Berlin wants the tax, aimed at making banks cover part of the cost of financial crises, to be introduced across the EU, or, failing that, among the 17 countries that use the euro, as Britain is resisting the move fearing it would damage London's financial centre.
In his bid to show leadership in the crisis, Mr Sarkozy is "trampling on the much-vaunted coordination between Paris and Berlin", the online edition of Der Spiegel, Germany's leading news magazine, wrote yesterday.
But few in Europe have any doubt that Mrs Merkel is the senior partner in the Franco-German axis that has been the driving force behind European integration.
Germany's main public television channel, ARD, parodied their relationship in a recent comedy sketch in which Mr Sarkozy was portrayed as a hapless butler serving Mrs Merkel, the lady of the manor, at a banquet.
"Get on with it," she tells him as he stands obediently by her side, "or your AAA rating will only apply to your watered-down champagne."
"You look richer than ever," Mr Sarkozy says sycophantically, raising his glass in a toast. "To the euro, Mistress!"
Germany's leadership in the euro crisis has stoked old fears of its domination in Europe, with British commentators accusing Germany of seeking a "Fourth Reich" and Greek demonstrators holding up placards of Mrs Merkel dressed as a Nazi. France's leading newspaper, Le Monde, has said fears of a "German Europe" are growing in France.
Germany is keenly aware of Europe's suspicions. Some in Mrs Merkel's party appear to be savouring its influence. Volker Kauder, her conservative parliamentary group leader, said in November that "Europe is speaking German" in reference to other nations adopting German budget rigour.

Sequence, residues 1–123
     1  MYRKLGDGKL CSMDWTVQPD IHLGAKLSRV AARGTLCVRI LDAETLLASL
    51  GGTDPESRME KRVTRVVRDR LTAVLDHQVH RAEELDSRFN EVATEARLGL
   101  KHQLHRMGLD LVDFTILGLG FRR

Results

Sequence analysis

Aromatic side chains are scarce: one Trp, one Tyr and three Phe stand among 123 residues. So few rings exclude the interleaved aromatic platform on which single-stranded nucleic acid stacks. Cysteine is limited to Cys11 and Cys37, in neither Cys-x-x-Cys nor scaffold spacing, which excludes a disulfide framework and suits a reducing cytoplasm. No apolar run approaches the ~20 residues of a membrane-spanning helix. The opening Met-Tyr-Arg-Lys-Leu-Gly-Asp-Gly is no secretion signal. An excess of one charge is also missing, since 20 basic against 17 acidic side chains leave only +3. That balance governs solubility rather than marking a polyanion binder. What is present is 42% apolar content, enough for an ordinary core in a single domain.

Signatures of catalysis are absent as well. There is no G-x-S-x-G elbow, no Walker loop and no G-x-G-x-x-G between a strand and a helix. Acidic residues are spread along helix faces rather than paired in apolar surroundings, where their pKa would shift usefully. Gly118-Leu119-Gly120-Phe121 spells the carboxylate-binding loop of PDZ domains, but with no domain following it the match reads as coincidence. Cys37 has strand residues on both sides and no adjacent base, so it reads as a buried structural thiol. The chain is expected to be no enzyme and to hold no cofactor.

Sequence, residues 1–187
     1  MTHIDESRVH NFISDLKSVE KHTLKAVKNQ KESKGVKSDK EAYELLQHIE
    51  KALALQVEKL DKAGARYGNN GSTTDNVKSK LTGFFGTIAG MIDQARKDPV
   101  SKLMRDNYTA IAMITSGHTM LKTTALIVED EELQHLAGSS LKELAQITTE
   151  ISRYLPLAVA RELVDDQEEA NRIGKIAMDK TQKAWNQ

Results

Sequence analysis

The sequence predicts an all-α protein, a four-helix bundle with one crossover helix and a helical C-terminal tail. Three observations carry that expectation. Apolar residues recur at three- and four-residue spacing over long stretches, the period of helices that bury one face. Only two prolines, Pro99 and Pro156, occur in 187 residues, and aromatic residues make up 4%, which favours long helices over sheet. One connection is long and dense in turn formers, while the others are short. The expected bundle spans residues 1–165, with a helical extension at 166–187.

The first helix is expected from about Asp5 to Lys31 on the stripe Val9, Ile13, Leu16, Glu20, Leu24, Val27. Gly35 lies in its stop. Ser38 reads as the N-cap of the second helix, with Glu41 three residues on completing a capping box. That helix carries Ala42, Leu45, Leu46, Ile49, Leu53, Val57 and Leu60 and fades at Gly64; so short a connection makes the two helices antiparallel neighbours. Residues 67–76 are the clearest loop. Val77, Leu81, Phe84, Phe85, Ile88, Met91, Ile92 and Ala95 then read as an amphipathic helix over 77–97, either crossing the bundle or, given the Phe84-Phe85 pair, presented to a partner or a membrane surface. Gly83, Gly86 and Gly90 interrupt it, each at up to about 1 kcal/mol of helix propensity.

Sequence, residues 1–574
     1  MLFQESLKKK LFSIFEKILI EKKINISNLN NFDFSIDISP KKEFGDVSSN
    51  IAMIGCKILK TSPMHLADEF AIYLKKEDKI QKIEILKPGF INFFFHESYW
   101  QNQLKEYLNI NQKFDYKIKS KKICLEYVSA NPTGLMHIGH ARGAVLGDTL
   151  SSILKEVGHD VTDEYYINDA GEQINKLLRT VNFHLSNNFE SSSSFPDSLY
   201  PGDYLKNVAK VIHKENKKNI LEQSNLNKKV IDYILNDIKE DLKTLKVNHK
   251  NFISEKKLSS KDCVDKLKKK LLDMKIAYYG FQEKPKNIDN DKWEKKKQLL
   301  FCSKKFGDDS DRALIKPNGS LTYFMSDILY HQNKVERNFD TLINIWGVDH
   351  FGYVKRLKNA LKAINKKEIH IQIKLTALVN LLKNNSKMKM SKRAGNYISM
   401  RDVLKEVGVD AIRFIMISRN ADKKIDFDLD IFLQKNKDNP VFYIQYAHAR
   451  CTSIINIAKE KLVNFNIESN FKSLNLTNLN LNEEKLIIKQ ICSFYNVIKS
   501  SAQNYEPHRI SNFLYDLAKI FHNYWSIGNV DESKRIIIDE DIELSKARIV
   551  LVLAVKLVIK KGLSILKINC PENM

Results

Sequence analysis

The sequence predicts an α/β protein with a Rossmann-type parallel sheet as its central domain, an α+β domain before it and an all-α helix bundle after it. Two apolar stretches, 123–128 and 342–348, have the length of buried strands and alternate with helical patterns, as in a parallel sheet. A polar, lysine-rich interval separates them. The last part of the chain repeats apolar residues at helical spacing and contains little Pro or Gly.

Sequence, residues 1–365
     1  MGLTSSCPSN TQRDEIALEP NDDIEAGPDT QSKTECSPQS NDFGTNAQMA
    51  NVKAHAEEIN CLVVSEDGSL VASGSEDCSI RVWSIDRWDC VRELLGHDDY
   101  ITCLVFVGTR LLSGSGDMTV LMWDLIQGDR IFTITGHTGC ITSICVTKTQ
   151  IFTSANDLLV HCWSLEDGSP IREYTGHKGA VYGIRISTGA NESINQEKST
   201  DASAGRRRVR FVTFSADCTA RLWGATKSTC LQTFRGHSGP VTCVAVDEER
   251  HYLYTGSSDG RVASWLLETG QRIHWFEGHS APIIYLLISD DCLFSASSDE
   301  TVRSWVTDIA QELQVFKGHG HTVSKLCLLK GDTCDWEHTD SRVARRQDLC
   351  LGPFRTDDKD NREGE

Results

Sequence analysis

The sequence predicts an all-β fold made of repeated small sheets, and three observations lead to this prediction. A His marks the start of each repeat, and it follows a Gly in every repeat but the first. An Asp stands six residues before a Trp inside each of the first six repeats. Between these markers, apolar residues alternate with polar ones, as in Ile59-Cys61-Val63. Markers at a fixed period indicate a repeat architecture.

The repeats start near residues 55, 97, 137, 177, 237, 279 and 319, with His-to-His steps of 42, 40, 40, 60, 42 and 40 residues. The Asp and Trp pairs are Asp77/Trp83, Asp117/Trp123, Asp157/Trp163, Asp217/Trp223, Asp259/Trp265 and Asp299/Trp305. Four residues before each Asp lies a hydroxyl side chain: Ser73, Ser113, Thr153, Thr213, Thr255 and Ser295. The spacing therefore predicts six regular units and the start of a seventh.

Other Germans are aghast at the nation's new role. Helmut Schmidt, 93, chancellor of West Germany between 1974 and 1982, warned last month that Germany should remember the suffering it caused its neighbours in the 20th century, and accused the government of "nationalist German muscle-flexing".
"We Germans aren't sufficiently aware that almost all of our neighbours still have latent suspicions towards the Germans which will probably linger for many generations," Mr Schmidt said.
"If we allow ourselves to be seduced into claiming a leadership role or at least play First Among Equals, an increasing majority of our neighbours will resist that."
Other commentators say the time has come for Germany to show the political leadership that befits its economic might.
The country could no longer afford to maintain the low profile it kept on the world stage for decades when it was cowed by guilt over the Second World War and was content to be an "economic giant and a political dwarf" wrote Cicero, a German political magazine, last week.
"Democratic Germany has grown up and must prove itself, together with France, as the decisive force in Europe's existential crisis," Cicero wrote. If Germany failed to live up to its role, it would be behaving like an "opportunist hypocrite unwilling to shoulder responsibility".